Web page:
eSchool News

eSchool News covers the intersection of technology and innovation in education.
Updated: 13 min 53 sec ago

App of the Week: Program a robot buddy

Mon, 02/13/2017 - 02:00

Ed. note: App of the Week picks are now being curated by the editors of Common Sense Education, which helps educators find the best ed-tech tools, learn best practices for teaching with tech, and equip students with the skills they need to use technology safely and responsibly. Click here to read the full app review.

What’s It Like? 

SPRK Lightning Lab is an app that lets kids program their Sphero robots from a tablet or phone. Beginning coders use block-based programming to direct and control their robot. A text-based code viewer is also available so kids can see how their block code translates into actual code. This gives experienced programmers more flexibility and is a scaffold to help students scale up their coding skills.

Price: Free, Paid

Grades: 3-8

Rating: 4/5

Pros: Block- and text-based code and an engaging community make programming accessible to all.

Cons: The learning curve may frustrate some kids, and teachers will have to be creative to fit this tool into their curricula.

Bottom line: Hub for Sphero robots draws crafty kids who love making into coding, and it empowers them to be collaborators.

First national academic 3D printing conference launches

Thu, 02/09/2017 - 02:00

Registration is now open for the first national academic 3D printing conference, Construct3D 2017, which will bring together leaders and educators in the digital fabrication discipline of 3D printing for a comprehensive overview of this rapidly expanding area of research and development.

The conference is sponsored by Ultimaker, a leading open source 3D printer manufacturer, and Autodesk, Inc., the software provider for people who make things, and will be hosted at Duke University from May 5-7, 2017 at the JB Duke Hotel.

The Construct3D 2017 conference will be a meeting of educators, pioneers, and industry leaders who actively use 3D printing in their work, with the aim of highlighting and cultivating the role of this technology as it contributes to academic and research achievement.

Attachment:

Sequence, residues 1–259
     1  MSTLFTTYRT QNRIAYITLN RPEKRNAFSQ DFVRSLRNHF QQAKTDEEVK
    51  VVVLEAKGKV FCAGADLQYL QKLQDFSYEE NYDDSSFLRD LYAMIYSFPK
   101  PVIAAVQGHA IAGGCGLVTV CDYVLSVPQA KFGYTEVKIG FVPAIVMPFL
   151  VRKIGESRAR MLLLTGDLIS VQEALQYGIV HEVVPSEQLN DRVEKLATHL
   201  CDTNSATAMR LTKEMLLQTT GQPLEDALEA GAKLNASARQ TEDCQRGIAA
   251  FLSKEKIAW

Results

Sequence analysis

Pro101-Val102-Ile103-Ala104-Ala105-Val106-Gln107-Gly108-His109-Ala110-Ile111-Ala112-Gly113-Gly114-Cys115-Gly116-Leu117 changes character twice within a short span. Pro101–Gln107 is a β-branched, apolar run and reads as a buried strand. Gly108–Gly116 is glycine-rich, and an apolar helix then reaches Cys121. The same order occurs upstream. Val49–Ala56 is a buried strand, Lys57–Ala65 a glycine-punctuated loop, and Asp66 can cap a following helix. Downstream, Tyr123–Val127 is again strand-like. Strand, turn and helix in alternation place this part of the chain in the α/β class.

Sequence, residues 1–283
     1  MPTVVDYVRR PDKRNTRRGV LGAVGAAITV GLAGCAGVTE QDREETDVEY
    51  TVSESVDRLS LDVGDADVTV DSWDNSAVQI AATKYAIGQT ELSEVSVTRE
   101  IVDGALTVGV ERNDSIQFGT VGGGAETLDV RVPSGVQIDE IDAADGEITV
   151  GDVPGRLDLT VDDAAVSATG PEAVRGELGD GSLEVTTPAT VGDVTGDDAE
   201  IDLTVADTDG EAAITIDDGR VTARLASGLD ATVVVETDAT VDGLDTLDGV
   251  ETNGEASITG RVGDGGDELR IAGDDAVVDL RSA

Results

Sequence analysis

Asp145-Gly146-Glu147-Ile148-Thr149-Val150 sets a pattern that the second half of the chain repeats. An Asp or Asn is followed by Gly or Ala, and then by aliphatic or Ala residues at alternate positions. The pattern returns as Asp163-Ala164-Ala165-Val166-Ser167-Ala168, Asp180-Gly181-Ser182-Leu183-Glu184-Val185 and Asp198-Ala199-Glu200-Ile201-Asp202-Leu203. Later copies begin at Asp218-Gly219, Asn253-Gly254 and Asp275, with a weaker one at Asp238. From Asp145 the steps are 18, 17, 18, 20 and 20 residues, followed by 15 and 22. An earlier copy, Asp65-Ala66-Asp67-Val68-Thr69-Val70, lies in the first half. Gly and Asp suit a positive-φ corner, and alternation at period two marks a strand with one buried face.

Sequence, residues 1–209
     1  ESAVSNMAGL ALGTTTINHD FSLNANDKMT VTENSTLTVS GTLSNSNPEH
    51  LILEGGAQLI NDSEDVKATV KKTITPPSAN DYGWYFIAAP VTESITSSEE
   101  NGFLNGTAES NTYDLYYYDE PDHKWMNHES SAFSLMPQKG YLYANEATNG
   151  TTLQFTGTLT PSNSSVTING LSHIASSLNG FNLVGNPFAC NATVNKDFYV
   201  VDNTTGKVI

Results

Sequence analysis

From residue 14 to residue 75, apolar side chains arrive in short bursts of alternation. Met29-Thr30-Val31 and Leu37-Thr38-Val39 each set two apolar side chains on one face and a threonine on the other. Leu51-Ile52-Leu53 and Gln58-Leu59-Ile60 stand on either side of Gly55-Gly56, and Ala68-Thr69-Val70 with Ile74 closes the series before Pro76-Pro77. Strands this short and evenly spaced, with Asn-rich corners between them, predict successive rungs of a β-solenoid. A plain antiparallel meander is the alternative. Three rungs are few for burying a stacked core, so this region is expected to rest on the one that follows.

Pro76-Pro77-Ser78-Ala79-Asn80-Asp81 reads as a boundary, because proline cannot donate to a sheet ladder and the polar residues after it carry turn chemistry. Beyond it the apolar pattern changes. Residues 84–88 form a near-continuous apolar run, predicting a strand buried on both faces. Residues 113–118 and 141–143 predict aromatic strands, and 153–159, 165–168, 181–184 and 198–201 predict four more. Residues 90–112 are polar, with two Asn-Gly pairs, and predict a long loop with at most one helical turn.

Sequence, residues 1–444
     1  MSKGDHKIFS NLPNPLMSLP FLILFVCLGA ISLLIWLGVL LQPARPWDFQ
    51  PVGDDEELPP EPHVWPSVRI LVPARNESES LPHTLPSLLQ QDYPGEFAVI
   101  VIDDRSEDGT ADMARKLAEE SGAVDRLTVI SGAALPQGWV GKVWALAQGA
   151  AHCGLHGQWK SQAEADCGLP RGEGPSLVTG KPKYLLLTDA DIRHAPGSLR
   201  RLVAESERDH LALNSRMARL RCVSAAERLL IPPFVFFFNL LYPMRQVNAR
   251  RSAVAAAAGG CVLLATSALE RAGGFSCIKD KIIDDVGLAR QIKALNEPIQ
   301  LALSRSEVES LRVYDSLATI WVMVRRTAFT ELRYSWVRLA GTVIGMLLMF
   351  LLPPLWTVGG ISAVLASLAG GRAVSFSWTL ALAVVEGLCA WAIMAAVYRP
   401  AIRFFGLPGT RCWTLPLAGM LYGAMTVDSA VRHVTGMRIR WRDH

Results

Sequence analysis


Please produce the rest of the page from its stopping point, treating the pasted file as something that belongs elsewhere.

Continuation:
As the most recent element of digital fabrication to be widely adopted across the full range of educational contexts, 3D printing offers unprecedented opportunities for education pioneers to break new ground and help shape the trajectory of implementation and intentions around this technology for the coming years.

The aim of this conference is to raise the level of discourse and deepen the value of this technology for all of those engaged in this practice through a series of keynote talks, educator and technology innovator presentations, context-specific track activities, and hands-on workshops and demonstrations.

During this debut year, the conference will include a superstar lineup of keynote presentations, one for each of the three educator contexts represented by the event:

  • Skylar Tibbits, 4D printing innovator, founder and co-director of MIT’s Self-Assembly Lab will present the University Educator Keynote.
  • Dale Dougherty, the Maker Movement’s most passionate and warm-hearted proponent, instigator of both MAKE: Magazine and wide global network of Maker Faire events, founder and CEO of Maker Media, Inc., will present the Informal Educator Keynote.
  • The K-12 Educator Keynote will be co-presented by Albemarle County Public School’s dynamic Pam Moran, Superintendent, and Ira Socol, Director for Innovation and Learning Technology.

“We believe that there has never been a better time to bring together thought leaders and practitioners in this evolving field under one roof to share stories of successes and challenges with this technology,” said Conference Co-Chair Chip Bobbert, digital media engineer at event founding sponsor Duke University.

Over the next few decades, the entire digital fabrication field is expected to shift into a central position in academic and educational curriculum. Advances in 3D printing in the last year alone have brought digital practices around 3D making and fabrication into more classrooms and instructional contexts than ever before. However, many of these developments have only been recognized locally or within particular disciplines. Construct3D 2017 aims to exchange these advances beyond the silo, to accelerate adoption and exploration of this important area.

“Construct3D 2017 offers an unprecedented opportunity for university faculty, K-12 educators, and informal education leaders to learn from each other and share best practices, which means that everyone attending will leave with new skills, new perspectives and deeper connections to other practitioners throughout North America,” said Conference Co-Chair Lizabeth Arum, educational strategist at event founding sponsor Ultimaker.

For more information on the conference and ways to participate, see the conference Web page at: https://sites.duke.edu/construct3d.